Q29:

How should data be presented in the case of a Split Modify or Split Cancel request which is pending in the system and has not yet been routed to any execution venue? How should the data be presented after these requests are routed to the execution venue?

A:

It is not required to record an event in a ‘pending’ state. Only the last status of an event should be recorded with eventResponseType indicating the nature of the event, and the eventRespDateTime indicating the time of the event.

Others

Q30:

In respect of trades executed on SEHK, how much difference between the timestamp recorded in the In-Scope Brokers’ systems and in the SEHK systems will be tolerated?

A:

Whether the timestamp differences are acceptable will be assessed on a case-by-case basis. Generally, this is not expected to be a problem if the In-Scope Brokers can provide justifications for any differences.

Q31:

Must all orders in a dataset use the same symbology? Is it possible that different applications use different symbols throughout the order’s life cycle, and different clients may use different symbology in their orders?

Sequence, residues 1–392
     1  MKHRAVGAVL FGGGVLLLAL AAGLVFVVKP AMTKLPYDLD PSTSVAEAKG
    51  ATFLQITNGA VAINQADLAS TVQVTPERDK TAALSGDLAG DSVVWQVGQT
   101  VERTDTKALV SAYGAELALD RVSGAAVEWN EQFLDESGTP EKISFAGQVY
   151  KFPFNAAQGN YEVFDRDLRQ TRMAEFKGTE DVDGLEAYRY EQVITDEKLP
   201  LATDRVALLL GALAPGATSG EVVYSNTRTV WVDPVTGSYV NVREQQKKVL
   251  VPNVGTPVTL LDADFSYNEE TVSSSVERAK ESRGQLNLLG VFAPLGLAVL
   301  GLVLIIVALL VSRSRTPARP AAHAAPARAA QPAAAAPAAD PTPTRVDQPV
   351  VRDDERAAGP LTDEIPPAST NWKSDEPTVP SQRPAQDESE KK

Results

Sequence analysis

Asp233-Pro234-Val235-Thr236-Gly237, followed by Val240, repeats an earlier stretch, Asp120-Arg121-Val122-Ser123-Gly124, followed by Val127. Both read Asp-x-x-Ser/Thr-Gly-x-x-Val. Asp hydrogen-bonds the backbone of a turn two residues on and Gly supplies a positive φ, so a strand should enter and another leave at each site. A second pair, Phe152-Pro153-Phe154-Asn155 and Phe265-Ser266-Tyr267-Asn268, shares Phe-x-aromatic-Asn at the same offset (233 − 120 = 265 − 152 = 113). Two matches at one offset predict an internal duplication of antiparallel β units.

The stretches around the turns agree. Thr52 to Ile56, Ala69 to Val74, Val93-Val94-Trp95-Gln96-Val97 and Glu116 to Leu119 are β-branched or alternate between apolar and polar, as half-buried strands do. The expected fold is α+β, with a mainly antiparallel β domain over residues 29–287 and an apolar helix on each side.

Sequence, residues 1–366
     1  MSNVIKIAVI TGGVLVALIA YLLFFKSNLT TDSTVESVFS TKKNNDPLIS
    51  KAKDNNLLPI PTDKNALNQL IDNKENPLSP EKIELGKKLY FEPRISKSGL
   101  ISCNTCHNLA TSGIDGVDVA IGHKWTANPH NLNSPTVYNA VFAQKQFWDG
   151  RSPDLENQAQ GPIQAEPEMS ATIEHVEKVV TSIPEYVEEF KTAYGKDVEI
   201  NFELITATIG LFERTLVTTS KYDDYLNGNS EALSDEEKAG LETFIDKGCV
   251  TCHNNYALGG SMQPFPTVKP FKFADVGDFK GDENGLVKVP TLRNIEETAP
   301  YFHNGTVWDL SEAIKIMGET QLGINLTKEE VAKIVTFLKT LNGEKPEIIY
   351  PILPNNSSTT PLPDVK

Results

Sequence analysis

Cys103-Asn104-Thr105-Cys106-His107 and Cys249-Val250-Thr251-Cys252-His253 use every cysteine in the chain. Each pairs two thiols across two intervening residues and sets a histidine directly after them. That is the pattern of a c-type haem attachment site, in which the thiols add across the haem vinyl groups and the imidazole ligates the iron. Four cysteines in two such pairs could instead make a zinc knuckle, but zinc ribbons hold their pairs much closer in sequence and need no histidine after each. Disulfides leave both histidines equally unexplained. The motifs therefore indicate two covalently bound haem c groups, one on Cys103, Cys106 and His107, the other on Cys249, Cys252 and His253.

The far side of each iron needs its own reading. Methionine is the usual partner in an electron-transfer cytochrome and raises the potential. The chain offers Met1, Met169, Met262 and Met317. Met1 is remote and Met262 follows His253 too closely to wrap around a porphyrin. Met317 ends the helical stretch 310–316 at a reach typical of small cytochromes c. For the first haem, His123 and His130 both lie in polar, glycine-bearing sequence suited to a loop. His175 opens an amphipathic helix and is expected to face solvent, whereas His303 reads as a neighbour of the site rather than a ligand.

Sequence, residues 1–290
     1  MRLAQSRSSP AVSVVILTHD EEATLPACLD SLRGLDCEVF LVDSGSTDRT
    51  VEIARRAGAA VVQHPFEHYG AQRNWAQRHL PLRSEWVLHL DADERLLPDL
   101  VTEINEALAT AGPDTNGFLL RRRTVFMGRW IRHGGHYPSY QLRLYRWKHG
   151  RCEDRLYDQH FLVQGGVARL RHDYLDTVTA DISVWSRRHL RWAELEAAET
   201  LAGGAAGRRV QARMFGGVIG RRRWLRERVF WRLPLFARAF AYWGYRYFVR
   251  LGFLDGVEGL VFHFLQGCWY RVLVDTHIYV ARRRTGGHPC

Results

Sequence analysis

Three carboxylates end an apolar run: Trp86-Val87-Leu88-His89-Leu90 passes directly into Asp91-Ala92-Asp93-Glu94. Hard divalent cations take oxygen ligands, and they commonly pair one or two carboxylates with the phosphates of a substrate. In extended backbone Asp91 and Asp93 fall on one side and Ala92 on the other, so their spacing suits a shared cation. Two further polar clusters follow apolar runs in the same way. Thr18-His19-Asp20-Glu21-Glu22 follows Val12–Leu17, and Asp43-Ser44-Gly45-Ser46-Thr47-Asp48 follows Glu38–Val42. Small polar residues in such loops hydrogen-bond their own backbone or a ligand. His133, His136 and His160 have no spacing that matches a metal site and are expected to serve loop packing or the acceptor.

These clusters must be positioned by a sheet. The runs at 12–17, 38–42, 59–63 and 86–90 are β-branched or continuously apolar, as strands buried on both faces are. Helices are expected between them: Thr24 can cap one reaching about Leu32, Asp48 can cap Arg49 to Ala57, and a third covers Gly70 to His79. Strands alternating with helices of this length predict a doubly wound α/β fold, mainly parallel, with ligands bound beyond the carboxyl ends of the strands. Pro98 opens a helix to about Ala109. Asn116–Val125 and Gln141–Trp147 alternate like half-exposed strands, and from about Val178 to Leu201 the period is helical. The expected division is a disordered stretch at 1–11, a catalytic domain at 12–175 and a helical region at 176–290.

A:

The Data Standards do not prescribe which symbology is to be used. It only requires that symbols be used consistently across all the datasets submitted to the SFC. In-Scope Brokers may perform some post-processing or conversion to achieve this.

Q32:

Why is the securityType field a material term of an order? Shouldn’t securityID alone be enough?

A:

It is appropriate to record both fields to avoid potential confusion, for example, where the same stock codes can be reused over time.   

Q33:

Trading algorithm parameters are unique to each firm. How do the Data Standards propose to standardise the recording of trading algorithm parameters?

A: